A BMA campaign has been launched encouraging the public to support calls for greater investment in general practice to increase the number of GPs and improve facilities.
This comes as the Royal College of GPs responds to reports of abuse of GP staff delivering care during the pandemic, and further media claims that practices are denying face-to-face appointments.
The Support Your Surgery campaign has set up a petition for the public to sign, which calls on the Westminster Government to fund improved buildings and source more GPs. The campaign also seeks to improve awareness of the pressures on general practice and why it’s been difficult for patients to see their GP face-to-face over the last 18 months.
A recent BMA survey reported that almost half of the public in England said if they could make one improvement to their GP practice it would be to increase the number of doctors. The demands on general practice spiraled during the pandemic, with infection control measures limiting the number of people GPs and their staff could see face-to-face. Over half (58 per cent) of the public surveyed support these measures but another recent BMA survey found that one in five GPs reported being threatened, and 67 per cent said their experience of abuse, threatening behaviour or violence had got worse in the last year.
Professor Martin Marshall, Chair of the Royal College of GPs, has commented: "It’s entirely unacceptable for anyone working in general practice to be at the receiving end of abuse of any kind, let alone the threat of physical violence. It can have a huge personal impact on the mental health, wellbeing and morale of individual doctors and practice staff at a time when they are busier than ever, providing high-quality care to patients with Covid-19 and conditions unrelated to the virus, in addition to delivering two thirds of all Covid vaccines and preparing for the biggest-ever winter flu vaccination programme."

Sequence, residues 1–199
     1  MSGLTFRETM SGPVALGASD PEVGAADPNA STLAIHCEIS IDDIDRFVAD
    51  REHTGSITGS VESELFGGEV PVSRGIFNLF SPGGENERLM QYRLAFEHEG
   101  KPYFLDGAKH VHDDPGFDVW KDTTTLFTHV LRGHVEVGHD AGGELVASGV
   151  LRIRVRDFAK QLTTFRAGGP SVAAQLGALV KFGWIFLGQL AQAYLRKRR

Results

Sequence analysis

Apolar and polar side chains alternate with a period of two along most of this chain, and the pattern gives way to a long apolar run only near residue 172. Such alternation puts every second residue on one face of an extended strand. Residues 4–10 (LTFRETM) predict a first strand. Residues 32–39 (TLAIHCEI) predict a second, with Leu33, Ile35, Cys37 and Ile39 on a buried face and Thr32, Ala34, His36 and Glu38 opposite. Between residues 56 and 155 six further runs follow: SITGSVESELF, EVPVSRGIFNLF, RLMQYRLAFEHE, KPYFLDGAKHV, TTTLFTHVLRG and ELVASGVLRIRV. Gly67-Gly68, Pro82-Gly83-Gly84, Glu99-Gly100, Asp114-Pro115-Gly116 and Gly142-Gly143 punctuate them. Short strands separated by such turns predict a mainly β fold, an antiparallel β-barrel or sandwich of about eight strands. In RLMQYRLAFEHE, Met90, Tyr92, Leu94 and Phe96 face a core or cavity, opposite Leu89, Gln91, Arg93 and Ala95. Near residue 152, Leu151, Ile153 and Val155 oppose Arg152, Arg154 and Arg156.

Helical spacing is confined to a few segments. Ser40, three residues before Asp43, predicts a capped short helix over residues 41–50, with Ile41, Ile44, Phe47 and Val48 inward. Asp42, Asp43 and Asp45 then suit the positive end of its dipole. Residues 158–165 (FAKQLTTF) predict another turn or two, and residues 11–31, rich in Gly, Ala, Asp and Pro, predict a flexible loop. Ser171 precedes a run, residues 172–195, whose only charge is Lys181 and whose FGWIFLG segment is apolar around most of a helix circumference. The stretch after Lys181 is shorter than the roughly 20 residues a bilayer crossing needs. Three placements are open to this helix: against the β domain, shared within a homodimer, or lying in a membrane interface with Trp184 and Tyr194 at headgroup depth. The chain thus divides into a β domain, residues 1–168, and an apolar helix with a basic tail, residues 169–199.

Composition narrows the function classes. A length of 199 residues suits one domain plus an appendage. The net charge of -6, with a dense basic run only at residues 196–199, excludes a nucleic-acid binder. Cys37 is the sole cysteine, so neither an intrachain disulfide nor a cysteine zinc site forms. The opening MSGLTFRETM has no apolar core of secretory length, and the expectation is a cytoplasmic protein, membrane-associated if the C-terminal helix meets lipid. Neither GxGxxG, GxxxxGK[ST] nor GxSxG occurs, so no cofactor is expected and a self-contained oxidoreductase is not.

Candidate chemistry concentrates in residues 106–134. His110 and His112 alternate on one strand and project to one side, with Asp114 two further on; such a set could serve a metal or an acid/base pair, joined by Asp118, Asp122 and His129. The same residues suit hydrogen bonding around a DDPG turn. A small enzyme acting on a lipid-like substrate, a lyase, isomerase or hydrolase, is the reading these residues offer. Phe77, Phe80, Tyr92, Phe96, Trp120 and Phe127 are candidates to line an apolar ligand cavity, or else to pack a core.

He adds: "It’s a misconception that GPs aren’t seeing patients face to face. General practice has been open throughout the pandemic and face-to-face appointments have been offered wherever safe and appropriate.
"The real issue is that we have a huge shortage of GPs and our workforce is not big enough to manage the needs of an ageing and growing patient population with increasingly complex needs. This was the case before the pandemic and it has only been further exacerbated by the events of the past year."
Dr Richard Vautrey, GP committee chair at the BMA, said: "This campaign is about being upfront and honest with our patients. We know that Covid-19 has changed how GP services look and feel, and that it can be incredibly frustrating for patients who just want to see their doctor, face-to-face, without delay.
"We hope this campaign, with GPs and patients working together, is the beginning of not only giving general practice what it needs, but also what our patients rightfully deserve."
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